Lewis added a silver cigarette case heirloom and a pair of wooden sunglasses from Myanmar. Dan made a hand puppet of his own long maple hair. Charlotte tendered a puppy from her winning Isle of Man bitch. Esmerelda unbunged a barrel of cider from her father’s estate and flooded the two rooms with apple bubbly. Othello appeared on a tip, fresh from the Royal Theatre. Lev brought a harmonium from Calcutta and a Theremin of his own build to make a concert. Agnes brought a smorgasbord of smoked fish from the Baltic. Bernard reserved two tickets for him to Jerusalem that Toby subsequently missed. But then the gift-giving took an ominous turn. With the smell of garlic and rose incense teasing his nose, he sensed that lightening would certainly strike twice.

The big call came at the wrong time. The self-regulation was not working. The re-conversion of the ground floor bar back to the old writing study was not helping in anticipation of his aunt’s mid-summer visit. Neither did a new computer. Toby had no willpower. The weather was superb and he wanted to make the long day ride through the old druid villages to Wells again now the worst winds had died away.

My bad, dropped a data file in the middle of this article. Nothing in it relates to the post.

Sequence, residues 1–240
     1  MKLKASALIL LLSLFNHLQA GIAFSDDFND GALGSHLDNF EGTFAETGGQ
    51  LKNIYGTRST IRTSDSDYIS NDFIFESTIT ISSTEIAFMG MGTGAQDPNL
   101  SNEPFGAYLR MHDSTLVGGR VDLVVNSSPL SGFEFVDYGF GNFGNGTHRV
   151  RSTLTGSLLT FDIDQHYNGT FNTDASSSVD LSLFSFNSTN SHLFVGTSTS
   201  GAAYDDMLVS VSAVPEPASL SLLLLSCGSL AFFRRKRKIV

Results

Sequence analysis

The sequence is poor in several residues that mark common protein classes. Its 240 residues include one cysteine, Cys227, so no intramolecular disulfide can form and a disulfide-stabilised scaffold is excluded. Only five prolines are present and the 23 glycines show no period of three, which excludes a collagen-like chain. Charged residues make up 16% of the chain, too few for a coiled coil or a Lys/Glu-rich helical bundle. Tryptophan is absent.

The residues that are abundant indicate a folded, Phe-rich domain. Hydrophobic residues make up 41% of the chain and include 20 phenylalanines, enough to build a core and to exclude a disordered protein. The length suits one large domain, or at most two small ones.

“Good day, Toby, Post might have mentioned…”

“No.” Toby was used to saying no.

“Well, ha-ha, this is Lord Nash up at Dyrham Hall. We have met and I’d like to know if you were able to do a do?” Nash sucked the saliva through his teeth when he talked. He appeared to fiddling with some kind of instrument.

“What kind of do, sir?”

“A punk rock juggling festival. You see, I like juggling, juggling with fire especially.”

“For how many?”

“Well if the Palestinians and Albanians come — 300 friends?”

Feasible. Lucrative. It would have to be halal. He could make a contribution to the Fatah and the KLA. It didn’t matter if the Muslims were taking over Europe. He’d help. He like visiting the halal butcher and talking about his many trips to the Middle East and some of the music he collected. If they had so irrevocably changed Eastern Europe, then surely they would be good for England or America, surely they would make beautiful women. What better backdoor than juggling?

“You know how Hoxha stopped illegal weapons in Albania? Well, I’ll tell you. If you were caught with an illegal weapon in Albania, you were buried alive. But with a pipe, a pipe, a big pipe, sticking out of your mouth so you starved to death, buried, buried in the ground.” Lord Nash stammered, then warped into a twitching guffaw and strummed what sounded like a balalaika to accompany his mutant song.